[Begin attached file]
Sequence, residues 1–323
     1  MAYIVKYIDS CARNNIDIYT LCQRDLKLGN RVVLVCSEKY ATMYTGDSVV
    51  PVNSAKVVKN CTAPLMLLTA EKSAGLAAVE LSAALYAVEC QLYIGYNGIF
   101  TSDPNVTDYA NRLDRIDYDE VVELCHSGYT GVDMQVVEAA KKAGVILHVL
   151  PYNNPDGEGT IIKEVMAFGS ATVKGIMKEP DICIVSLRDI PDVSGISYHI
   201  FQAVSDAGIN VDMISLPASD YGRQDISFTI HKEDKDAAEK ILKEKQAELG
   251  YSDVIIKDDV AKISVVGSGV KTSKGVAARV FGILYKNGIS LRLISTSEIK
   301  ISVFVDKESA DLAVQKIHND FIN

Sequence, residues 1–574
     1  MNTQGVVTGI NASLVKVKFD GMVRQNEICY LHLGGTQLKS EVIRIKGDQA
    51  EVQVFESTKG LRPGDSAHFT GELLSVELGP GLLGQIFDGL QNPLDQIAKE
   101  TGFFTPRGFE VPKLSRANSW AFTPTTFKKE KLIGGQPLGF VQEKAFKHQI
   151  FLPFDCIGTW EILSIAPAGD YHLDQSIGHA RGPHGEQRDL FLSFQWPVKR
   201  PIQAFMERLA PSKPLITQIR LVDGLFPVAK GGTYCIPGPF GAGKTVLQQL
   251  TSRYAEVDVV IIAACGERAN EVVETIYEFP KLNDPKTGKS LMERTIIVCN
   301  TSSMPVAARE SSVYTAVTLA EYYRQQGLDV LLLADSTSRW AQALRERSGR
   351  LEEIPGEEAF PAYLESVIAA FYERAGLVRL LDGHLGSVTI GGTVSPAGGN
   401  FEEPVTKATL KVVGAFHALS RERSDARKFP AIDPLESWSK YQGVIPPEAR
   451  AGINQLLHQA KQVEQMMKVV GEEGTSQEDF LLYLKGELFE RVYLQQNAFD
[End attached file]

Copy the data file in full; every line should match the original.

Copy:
Sequence, residues 1–323
     1  MAYIVKYIDS CARNNIDIYT LCQRDLKLGN RVVLVCSEKY ATMYTGDSVV
    51  PVNSAKVVKN CTAPLMLLTA EKSAGLAAVE LSAALYAVEC QLYIGYNGIF
   101  TSDPNVTDYA NRLDRIDYDE VVELCHSGYT GVDMQVVEAA KKAGVILHVL
   151  PYNNPDGEGT IIKEVMAFGS ATVKGIMKEP DICIVSLRDI PDVSGISYHI
   201  FQAVSDAGIN VDMISLPASD YGRQDISFTI HKEDKDAAEK ILKEKQAELG
   251  YSDVIIKDDV AKISVVGSGV KTSKGVAARV FGILYKNGIS LRLISTSEIK
   301  ISVFVDKESA DLAVQKIHND FIN

Sequence, residues 1–574
     1  MNTQGVVTGI NASLVKVKFD GMVRQNEICY LHLGGTQLKS EVIRIKGDQA
    51  EVQVFESTKG LRPGDSAHFT GELLSVELGP GLLGQIFDGL QNPLDQIAKE
   101  TGFFTPRGFE VPKLSRANSW AFTPTTFKKE KLIGGQPLGF VQEKAFKHQI
   151  FLPFDCIGTW EILSIAPAGD YHLDQSIGHA RGPHGEQRDL FLSFQWPVKR
   201  PIQAFMERLA PSKPLITQIR LVDGLFPVAK GGTYCIPGPF GAGKTVLQQL
   251  TSRYAEVDVV IIAACGERAN EVVETIYEFP KLNDPKTGKS LMERTIIVCN
   301  TSSMPVAARE SSVYTAVTLA EYYRQQGLDV LLLADSTSRW AQALRERSGR
   351  LEEIPGEEAF PAYLESVIAA FYERAGLVRL LDGHLGSVTI GGTVSPAGGN
   401  FEEPVTKATL KVVGAFHALS RERSDARKFP AIDPLESWSK YQGVIPPEAR
   451  AGINQLLHQA KQVEQMMKVV GEEGTSQEDF LLYLKGELFE RVYLQQNAFD